You may be wondering, what is a conservation easement?

A conservation easement is a legally binding agreement made between the landowner and Bitter Root Land Trust that limits the development rights on your property. This is done to protect the natural, agricultural, scenic, or historic values inherent to the farms, forests, rivers and streams, and wildlife of the Bitterroot Valley.

With a conservation easement on your land, you are assured that the land will be protected forever without giving up ownership of the land. Landowners who enter into this agreement with us continue to own the conserved property and pay property taxes, yet are free to sell the land or pass it on to the next generation. Public access is not a requirement of a conservation easement.

Conservation easements are very flexible, and tailored to each landowner and property.

For example, a landowner may want to retain the right to farm or harvest timber, retain future building rights, or use the land for education and other activities that sustain the property’s special resources. These details are worked out between the landowner and the Land Trust.

Once finalized, a conservation easement will be tied to the land, whether the land is sold or remains in the family. This legal continuity will provide you the assurance that the land you cared for will be protected forever.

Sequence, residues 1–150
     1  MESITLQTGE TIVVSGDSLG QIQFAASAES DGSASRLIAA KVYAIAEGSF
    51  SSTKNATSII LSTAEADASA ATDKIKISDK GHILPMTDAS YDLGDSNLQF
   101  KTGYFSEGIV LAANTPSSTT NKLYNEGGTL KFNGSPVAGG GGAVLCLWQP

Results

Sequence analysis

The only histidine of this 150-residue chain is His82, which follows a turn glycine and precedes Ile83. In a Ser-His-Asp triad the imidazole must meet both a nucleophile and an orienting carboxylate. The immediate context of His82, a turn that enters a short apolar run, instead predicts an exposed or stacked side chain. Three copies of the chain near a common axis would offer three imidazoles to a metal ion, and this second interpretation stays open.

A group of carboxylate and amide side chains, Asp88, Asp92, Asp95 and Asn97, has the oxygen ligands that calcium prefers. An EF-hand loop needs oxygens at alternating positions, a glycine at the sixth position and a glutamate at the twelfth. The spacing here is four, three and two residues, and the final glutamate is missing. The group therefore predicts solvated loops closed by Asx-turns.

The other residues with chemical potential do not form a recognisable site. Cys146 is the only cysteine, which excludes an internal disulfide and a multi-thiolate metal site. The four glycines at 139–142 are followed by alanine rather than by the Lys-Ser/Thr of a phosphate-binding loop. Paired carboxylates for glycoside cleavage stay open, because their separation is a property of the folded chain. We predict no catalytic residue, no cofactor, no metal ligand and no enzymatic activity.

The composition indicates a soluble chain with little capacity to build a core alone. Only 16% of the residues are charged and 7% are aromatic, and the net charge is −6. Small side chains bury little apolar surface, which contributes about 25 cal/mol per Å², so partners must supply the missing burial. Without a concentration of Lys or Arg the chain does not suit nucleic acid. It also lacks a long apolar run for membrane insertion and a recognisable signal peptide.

If you own land and would like to see it protected, the Bitter Root Land Trust can tailor a conservation easement to meet your needs. All inquiries will be kept strictly confidential.

Feel free to call, email, or stop by the office to discuss conservation easement options. Contact Kyle Barber, Conservation Director, at (406) 375-0956 or email him at .

Landowner eBook Coming Soon

WHY I CARE

“We think anyone contemplating  placing their land in a conservation easement must take it slow with lots of discussion with family and trusted advisers.  It has to feel right for everyone. Forever is a very long time.”
Dan and Debbie Severson

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Conserving the waters, wildlife habitat, and working farms and ranches of the Bitterroot Valley, with you